I’m in North Carolina this week at a class for professors on Advanced Predictive Modeling using SAS Enterprise Miner. This is the sort of statement that causes The Spoiled One & Co. to make faces that look like this:
Despite my failure to impress fourteen-year-olds, I think the class has been well worth it.
I’m not naive, I realize that taking a class on a SAS product by a SAS instructor at the SAS facility represents the best case scenario. You know those IT people you always want to smack who say,
Well, I don’t know what’s wrong. It works on my computer.
Yeah, because your computer has maxed out RAM, the latest software and is in the same building as the server. Given that, if it doesn’t work on the the IT computer, you’re totally hosed.
So, if someone else has installed it for you, you have it running on a powerful computer with the latest version (7.1) and NOT the scaled down SAS On-Demand version and it doesn’t work, I would say Enterprise Miner is hopeless.
It’s not hopeless. It worked fine. All the problems I had were due to my own stupidity, like using a factor of .068 instead of 0.68 or forgetting to type SUM when writing a sum function and stuff like that.
On the other hand, those are the kind of problems that are quick and easy to find and fix.
There is a lot to like about SAS Enterprise Miner. Take this nifty little example from VARIABLE CLUSTERING
Think of it as a graph of a principal components analysis.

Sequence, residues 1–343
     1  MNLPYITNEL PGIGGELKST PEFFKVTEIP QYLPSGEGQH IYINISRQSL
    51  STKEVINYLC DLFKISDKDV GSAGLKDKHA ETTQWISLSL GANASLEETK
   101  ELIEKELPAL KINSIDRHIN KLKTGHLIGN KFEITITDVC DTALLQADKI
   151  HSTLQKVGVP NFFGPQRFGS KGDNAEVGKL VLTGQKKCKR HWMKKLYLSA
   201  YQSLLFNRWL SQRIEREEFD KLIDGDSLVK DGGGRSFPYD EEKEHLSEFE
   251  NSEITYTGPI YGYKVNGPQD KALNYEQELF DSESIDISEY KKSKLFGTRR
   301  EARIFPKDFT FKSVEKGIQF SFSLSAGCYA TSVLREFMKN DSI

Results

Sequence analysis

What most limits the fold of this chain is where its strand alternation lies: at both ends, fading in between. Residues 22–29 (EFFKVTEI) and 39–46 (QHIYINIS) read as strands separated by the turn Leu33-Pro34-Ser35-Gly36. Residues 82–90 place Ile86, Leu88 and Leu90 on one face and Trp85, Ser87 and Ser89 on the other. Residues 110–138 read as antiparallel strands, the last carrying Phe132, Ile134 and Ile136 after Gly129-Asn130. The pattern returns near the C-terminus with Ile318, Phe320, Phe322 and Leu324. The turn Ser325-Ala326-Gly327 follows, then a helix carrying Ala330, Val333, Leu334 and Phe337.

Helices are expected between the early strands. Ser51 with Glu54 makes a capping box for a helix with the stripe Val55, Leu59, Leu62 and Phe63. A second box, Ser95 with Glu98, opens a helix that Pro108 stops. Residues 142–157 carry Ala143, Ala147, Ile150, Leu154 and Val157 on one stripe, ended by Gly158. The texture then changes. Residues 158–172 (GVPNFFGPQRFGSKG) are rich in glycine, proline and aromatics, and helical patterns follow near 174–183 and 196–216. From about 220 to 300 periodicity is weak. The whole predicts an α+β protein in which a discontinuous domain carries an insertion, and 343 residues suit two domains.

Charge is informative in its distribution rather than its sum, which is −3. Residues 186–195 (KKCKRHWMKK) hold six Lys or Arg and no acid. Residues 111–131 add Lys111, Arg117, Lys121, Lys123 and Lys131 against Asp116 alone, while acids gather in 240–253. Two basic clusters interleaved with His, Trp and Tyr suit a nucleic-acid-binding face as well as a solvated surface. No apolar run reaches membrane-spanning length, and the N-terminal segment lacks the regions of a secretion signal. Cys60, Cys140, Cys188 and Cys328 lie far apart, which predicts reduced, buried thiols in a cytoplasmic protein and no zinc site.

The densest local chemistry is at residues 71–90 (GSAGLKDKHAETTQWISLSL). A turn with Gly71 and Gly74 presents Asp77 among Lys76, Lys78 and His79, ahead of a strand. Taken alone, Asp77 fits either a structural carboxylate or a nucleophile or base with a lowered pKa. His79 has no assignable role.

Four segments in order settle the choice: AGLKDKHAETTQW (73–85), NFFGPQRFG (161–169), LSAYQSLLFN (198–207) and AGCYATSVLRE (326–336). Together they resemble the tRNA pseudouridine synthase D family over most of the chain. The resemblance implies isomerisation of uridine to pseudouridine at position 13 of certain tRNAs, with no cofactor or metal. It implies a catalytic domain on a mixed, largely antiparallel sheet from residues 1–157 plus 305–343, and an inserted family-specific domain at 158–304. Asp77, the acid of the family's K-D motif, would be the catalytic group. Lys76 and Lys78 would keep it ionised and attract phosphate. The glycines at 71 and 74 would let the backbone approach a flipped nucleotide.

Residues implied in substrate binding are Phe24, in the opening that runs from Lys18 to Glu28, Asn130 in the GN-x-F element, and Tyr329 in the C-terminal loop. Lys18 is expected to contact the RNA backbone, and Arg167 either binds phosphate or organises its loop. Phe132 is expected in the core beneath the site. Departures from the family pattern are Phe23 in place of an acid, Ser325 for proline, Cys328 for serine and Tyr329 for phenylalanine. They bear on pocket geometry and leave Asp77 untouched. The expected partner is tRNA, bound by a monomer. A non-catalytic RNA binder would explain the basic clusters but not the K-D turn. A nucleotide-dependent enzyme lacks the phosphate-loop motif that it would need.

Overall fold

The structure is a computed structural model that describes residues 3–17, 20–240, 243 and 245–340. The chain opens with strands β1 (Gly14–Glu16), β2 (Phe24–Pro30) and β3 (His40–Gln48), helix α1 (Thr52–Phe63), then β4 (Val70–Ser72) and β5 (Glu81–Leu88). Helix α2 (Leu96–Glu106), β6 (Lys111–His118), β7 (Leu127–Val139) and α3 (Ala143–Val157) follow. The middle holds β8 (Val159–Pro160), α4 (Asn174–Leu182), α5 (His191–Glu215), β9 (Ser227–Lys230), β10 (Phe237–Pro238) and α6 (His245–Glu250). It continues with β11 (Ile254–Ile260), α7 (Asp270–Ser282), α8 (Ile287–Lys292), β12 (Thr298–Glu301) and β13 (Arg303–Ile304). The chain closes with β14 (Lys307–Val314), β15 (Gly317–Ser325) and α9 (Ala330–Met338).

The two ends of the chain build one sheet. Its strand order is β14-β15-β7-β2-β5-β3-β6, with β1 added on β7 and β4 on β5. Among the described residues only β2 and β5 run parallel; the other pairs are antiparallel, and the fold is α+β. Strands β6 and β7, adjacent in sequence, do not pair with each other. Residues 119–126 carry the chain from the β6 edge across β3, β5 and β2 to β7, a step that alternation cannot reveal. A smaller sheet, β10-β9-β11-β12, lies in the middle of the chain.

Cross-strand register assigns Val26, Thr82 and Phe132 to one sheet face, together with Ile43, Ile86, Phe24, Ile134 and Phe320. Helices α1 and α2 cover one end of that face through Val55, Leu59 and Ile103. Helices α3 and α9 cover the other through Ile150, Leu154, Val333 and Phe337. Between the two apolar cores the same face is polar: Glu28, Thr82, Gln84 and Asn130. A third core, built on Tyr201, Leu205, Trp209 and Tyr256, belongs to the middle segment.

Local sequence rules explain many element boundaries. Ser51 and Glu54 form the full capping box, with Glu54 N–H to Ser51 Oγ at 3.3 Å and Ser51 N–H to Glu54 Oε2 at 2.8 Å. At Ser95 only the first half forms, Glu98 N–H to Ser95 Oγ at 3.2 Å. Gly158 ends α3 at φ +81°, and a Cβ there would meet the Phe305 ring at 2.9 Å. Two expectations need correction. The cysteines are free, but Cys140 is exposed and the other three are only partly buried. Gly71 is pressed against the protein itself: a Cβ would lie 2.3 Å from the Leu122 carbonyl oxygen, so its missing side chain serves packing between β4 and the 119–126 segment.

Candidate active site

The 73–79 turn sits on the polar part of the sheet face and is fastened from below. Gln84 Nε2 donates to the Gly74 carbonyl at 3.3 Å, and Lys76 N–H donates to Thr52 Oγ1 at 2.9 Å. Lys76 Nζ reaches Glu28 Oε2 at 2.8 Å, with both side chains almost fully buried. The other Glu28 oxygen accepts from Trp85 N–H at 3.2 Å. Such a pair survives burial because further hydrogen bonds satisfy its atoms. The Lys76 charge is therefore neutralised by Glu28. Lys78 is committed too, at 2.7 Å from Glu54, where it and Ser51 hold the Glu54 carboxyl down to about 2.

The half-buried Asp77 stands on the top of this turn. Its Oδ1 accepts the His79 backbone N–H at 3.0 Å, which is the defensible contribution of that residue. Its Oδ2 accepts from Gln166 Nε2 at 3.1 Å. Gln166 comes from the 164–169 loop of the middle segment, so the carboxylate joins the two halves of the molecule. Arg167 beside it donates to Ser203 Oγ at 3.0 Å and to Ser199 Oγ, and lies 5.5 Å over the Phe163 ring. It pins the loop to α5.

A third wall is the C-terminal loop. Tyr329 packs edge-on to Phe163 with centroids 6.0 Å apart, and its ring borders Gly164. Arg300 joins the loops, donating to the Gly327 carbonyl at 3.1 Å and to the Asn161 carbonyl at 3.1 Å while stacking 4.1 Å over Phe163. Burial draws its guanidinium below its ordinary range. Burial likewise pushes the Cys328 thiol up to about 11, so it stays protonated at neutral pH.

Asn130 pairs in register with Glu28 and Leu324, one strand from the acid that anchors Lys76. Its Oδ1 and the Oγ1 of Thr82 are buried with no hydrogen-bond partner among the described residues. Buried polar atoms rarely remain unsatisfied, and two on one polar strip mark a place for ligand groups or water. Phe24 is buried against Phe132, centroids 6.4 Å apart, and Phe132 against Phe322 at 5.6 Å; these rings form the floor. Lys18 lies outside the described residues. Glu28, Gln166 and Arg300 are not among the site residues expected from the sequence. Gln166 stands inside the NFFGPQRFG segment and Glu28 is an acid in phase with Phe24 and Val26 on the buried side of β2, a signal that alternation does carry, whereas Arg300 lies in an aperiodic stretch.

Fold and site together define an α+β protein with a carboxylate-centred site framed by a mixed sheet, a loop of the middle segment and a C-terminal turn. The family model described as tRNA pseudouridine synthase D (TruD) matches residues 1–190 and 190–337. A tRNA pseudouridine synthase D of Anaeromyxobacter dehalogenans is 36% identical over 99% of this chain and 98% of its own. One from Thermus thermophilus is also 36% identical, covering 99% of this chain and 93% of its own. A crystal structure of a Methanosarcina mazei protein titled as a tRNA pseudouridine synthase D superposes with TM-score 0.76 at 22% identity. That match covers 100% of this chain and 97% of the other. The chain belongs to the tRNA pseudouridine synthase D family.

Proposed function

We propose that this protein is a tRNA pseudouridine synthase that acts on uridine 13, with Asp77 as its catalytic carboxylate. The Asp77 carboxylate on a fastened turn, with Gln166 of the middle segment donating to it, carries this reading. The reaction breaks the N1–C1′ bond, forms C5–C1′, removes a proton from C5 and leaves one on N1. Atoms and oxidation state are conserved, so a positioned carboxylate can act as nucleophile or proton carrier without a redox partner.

You can see which variables load together very easily. Imagine explaining this to a client over a rotated factor pattern.
The two best things about Enterprise Miner are diagrams like the one above and the enormous number of data mining procedures it offers.
The two worst things about Enterprise Miner are related to one of the best. Because it can do so much, learning it is quite complicated. I had thought I might use it in my class this fall but it is clearly going to be too much on top of what I have already planned. I am sticking with SAS Enterprise Guide. I am still toying with the idea of teaching a business school class in the spring using data mining, so if I do that Enterprise Miner is a possibility.
The worst thing about EM used to be the installation. You had to have 1,024 GB of RAM, sacrifice a flamingo and get your registry updated by seven of the twelve apostles before it would install. I just today met the first person who told me he had the damn thing installed – and he now works at SAS, which is probably why they hired him.
Amazingly, at least for the SAS On-Demand version, that seems to be a non-issue. I was in a hotel with a crummy wireless, using my old laptop that has 32-bit Windows 7 installed on bootcamp on a MacBook Pro. Enterprise Miner 7.1 started up and ran fine once I had the latest version of Java (and only one version of Java) installed. This incidentally isn’t the Java version they say is guaranteed to work, but it did.
Besides the complication of learning and installation, I think the other big drawback of EM if you are not at a university or college (for which it is free) is that it cost about a scadzillion dollars (that’s a zillion squared plus a bushel, 40 leagues and a peck, for you Europeans reading this).
The SAS On-Demand offerings are a good first step, but I think SAS is missing an opportunity to market to people and companies who don’t have more money than a Romney Super-PAC.
So that’s the good and the bad in a nutshell. The neutral is that more SAS programming was involved than I had expected. This did not bother me in the slightest but it might perturb you if you are used to SAS Enterprise Guide where you can go pretty much forever without programming (whether you should or not is a different issue).
The class was fun, so fun that I am now seriously wondering if I can clear my schedule enough to teach a class in the spring just so that I can inflict it on some unsuspecting graduate students. I think that might be fun, too.